"Oh, he's a perfect dear! Don't you dare apologize! And his stories were perfectly killing—all new to me."
"You deserve better things, Phil, than the entertainments this town affords. You were destined for the wider world; I've always felt that about you."
He had forced a slower pace than the quick step with which Phil had set out. His mind was working busily. Phil was an exceedingly pretty and a very intelligent girl, and it would be a good stroke on his part to marry her. Amzi would undoubtedly do the generous thing by her. He had made his boast to Fred—and why not? There was no surer way of staying Kirkwood's hand than to present himself as the affianced husband of the lawyer's daughter. Phil's mother did not matter, after all. Kirkwood would probably be relieved to find that Phil had been rescued from a woman he had every reason to hate.
"You never looked so well as you did to-night, Phil. I was proud of you. And you won't mind my saying it, but it was fine of you to go with me when—well, you know what I mean."
Phil knew what he meant. She said:—
"Fine, nothing. You were kind to ask me and I had a good time every minute."
"I wasn't sure you'd go. Things have happened queerly—you know what I mean."
Phil knew what he meant.
"Oh, don't be looking for queernesses; we've got to take things as they come along. That's my way of doing; and I'm more than ever convinced that optimism is the true doctrine."
In spite of herself her last words ended a little dolorously. He was quick to seize advantage of this unfamiliar mood.
"I hope you know that any trouble that may come to you is my trouble, too, Phil. Not many girls would have done what you did to-night. No other girl I ever knew or read of would have taken the chance of stirring up gossip as you did in going with me. It was splendid and heroic."
"Pshaw! I don't see anything heroic in going to a lecture you want to hear if a kind friend offers to take you. Let's talk of something else."
"I want to talk about you, Phil."
"Then you'll have to find somebody else to listen; I won't! I like to hear about interesting things. Now don't feel you must tell me I'm a fruitful topic!"
"I'm serious to-night. I haven't been happy lately. I've had a lot of responsibilities thrown on me—things I never knew about have been dumped down on me without any warning. I was tired to death to-night, and I can't tell you what a joy it's been to be with you. I wasn't listening to the lecture; it meant nothing to me. I was thinking of you, Phil."
Phil stopped short. The senior who had proposed to her had employed a similar prelude, and she had no intention of subjecting herself to a second attack.
"You may think of me all you like; but don't tell me; just let me guess. It isn't any fun if you know people think of you. We expect our friends to think of us. That's what we have them for."
She started off more briskly, but he refused to accommodate himself to her pace. The undercurrent of resentment in his soul gathered force. He must justify his boast to his brother, for one thing; and for another, his face smarted from her mother's light, ironic whip.
"Phil!" he began endearingly.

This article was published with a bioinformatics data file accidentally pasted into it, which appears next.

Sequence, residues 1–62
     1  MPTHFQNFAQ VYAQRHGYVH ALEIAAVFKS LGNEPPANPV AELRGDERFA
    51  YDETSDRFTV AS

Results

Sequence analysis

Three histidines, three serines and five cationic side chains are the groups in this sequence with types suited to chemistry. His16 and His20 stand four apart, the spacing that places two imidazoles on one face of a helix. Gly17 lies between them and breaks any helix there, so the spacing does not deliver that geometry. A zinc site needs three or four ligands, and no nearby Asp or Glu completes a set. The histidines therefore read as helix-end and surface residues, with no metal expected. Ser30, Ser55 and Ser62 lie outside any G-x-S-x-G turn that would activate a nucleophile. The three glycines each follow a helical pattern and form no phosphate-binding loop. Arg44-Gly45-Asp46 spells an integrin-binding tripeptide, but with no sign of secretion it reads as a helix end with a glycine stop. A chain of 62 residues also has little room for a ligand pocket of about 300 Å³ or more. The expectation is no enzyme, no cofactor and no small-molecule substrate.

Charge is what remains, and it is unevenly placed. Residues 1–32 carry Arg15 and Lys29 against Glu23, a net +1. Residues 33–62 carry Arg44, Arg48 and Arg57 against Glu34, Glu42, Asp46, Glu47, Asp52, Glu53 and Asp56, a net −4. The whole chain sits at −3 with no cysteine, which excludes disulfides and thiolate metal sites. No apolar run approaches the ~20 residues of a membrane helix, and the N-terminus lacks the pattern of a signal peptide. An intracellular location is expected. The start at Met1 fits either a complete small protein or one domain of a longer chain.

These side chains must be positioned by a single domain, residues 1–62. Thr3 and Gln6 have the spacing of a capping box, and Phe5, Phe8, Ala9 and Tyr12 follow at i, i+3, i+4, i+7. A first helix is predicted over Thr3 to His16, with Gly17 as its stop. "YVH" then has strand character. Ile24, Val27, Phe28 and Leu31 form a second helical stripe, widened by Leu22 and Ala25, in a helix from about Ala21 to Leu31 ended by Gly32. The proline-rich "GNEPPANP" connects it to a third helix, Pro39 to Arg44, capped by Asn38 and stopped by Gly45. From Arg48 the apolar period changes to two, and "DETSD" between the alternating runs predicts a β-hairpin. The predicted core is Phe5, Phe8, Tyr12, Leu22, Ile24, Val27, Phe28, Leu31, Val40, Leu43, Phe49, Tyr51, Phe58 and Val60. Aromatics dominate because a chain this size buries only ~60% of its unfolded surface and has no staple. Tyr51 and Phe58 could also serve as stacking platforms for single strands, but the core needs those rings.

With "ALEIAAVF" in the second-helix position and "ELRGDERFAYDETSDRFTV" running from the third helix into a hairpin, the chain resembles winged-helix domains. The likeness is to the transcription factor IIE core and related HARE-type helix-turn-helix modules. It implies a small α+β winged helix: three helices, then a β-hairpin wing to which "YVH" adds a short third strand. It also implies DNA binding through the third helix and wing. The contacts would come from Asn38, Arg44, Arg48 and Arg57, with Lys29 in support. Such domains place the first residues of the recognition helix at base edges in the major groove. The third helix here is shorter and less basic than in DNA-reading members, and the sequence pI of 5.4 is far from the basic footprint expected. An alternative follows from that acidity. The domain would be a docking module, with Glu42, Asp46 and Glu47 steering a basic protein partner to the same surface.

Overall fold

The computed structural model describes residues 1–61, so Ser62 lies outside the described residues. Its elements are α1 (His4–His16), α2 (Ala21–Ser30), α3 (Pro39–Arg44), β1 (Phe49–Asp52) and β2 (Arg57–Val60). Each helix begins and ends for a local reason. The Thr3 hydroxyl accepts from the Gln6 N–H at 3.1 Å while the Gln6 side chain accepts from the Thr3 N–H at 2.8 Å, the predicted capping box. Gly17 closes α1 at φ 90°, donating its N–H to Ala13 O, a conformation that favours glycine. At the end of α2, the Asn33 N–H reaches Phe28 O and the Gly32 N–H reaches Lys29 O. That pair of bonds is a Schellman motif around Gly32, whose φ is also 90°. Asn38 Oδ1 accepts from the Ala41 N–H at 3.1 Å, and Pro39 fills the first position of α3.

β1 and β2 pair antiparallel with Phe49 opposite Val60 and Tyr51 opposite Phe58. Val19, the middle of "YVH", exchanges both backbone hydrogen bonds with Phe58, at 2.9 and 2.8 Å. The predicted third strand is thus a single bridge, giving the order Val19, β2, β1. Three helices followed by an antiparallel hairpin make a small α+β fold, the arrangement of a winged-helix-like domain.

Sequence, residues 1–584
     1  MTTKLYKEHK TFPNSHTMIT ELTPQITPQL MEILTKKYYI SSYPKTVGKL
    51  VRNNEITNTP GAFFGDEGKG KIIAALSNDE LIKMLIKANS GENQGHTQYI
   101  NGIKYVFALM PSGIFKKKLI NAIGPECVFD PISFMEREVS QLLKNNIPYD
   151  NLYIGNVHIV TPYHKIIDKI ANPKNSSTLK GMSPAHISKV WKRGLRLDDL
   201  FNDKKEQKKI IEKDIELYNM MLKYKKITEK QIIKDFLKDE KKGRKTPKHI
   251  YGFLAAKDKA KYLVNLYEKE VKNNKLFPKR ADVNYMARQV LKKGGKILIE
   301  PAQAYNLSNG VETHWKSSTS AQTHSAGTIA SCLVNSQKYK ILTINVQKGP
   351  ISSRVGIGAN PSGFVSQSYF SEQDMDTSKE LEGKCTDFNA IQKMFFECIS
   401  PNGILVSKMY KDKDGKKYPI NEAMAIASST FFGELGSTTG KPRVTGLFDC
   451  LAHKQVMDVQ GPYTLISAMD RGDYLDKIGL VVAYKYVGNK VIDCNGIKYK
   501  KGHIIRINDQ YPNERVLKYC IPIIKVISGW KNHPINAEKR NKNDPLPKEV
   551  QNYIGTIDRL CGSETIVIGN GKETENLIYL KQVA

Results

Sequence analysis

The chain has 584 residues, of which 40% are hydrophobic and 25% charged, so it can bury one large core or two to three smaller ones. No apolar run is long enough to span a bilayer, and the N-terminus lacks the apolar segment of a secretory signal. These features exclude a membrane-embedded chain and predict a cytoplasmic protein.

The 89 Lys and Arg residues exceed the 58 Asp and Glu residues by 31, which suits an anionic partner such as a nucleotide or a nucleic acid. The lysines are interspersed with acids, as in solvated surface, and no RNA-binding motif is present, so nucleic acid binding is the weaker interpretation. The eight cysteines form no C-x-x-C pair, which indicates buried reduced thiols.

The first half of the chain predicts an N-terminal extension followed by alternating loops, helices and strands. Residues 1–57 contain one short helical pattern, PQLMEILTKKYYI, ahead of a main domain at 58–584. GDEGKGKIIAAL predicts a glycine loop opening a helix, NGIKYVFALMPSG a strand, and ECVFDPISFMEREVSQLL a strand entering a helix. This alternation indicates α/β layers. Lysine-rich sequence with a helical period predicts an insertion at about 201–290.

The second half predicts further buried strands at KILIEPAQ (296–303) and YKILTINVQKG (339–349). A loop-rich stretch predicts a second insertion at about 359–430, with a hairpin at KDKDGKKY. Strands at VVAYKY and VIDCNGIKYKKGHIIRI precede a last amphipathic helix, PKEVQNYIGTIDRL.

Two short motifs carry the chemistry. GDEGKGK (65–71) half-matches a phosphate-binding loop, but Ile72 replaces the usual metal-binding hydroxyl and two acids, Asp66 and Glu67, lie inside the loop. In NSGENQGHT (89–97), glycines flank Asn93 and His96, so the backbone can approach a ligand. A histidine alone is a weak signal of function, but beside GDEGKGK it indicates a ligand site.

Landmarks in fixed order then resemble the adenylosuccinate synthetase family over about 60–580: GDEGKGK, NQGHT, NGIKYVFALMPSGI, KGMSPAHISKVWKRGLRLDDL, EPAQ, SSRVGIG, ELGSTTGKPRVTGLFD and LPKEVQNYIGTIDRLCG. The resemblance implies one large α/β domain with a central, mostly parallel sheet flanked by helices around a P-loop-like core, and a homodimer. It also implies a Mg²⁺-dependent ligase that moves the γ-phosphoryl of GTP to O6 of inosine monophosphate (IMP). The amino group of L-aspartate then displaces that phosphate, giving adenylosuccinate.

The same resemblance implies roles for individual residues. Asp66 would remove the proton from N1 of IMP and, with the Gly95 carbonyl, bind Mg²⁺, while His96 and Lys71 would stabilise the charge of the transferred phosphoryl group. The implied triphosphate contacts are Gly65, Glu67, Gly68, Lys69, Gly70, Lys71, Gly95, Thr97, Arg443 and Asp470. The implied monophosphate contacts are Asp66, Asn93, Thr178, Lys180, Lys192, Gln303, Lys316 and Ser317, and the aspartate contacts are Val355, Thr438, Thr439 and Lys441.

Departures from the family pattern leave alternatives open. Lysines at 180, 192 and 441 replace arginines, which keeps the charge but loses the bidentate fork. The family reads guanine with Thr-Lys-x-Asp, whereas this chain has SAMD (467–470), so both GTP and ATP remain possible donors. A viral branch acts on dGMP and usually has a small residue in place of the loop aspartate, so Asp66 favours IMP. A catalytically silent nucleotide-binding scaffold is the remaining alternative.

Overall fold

"Oh, come on! We can't stand in the street all night discussing the philosophy of life."
"Since that afternoon at the Run," he continued, as they started forward again, "everything has been different with me, Phil. I never felt until lately that I really wanted to follow my good inclinations: I've done a lot of things I'm sorry for, but that's all over. I felt that day, as we stood together at the top of the bluff, that a new spirit had come into my life. You know I'm a good deal older than you, Phil—just about ten years' difference; but you seem immensely older and wiser. I never knew a woman who knew as much."
She stopped again, and drew away from him.
"Mr. Holton!" she ejaculated mockingly; "please don't try that kind of jollying on me. I don't like it."
This, uttered with sharp peremptoriness, did not soothe him; nor was he in any humor to be thwarted. He had felt that Phil liked him; and a great many girls had been in love with him. If she made his approaches difficult, there was the more reason for believing that his proposal of marriage would not fall upon ungrateful ears. And, besides, Phil was just the sort of perverse, willful young woman to jump at a proposal, the more readily if the suitor was set apart from her by barriers that invited a young romantic imagination.
"I wasn't jollying you," he said, "and you know I wasn't. You've known from the first that I admired you. In fact, it was all over with me the first time I spoke to you—when you took me down so. I liked your spirit; I hate these tame, perfectly conventional girls; they bore me to death."
"Oh, I like that! How dare you say I'm not perfectly conventional!" she laughed.
"You know perfectly well what I mean. You have a mind and will of your own, and I like that in you. You're a perfect wonder, Phil. You're the most fascinating creature in the world!"
"Creature!" she mocked.
"Look here, Phil; I don't want you to pick me up like that. I'm entitled to better treatment. I'm in terrible earnest and I don't mean to be put off in any such way."
"Well, I'm not afraid to walk home alone!" She made a feint at leaving him; then waited for him to catch up with her.
It had been said of Phil that she liked to tease; she had, with a pardonable joy, made the high-school boys dance to her piping, and the admiration of the young collegians was tempered with awe and fear. She felt herself fully equal to any emergencies that might arise with young men. The boys she had known had all been nice fellows, good comrades, with whom she had entered into boyish sports zestfully, until her lengthening skirts had excluded her from participation in town-ball and the spring's delight in marbles. When her chums became seniors in college and appeared at parties in dress-suits, the transformation struck her as funny. They were still the "boys" who had admired the ease with which she threw, and caught, and batted, and whom she had bankrupted in naughty games of chance with marbles. She liked Charles Holton. The difference in their years added to the flattery of his attentions. He was a practiced flirt, and she had made experiments of her own in the gentle art of flirtation. Phil was human.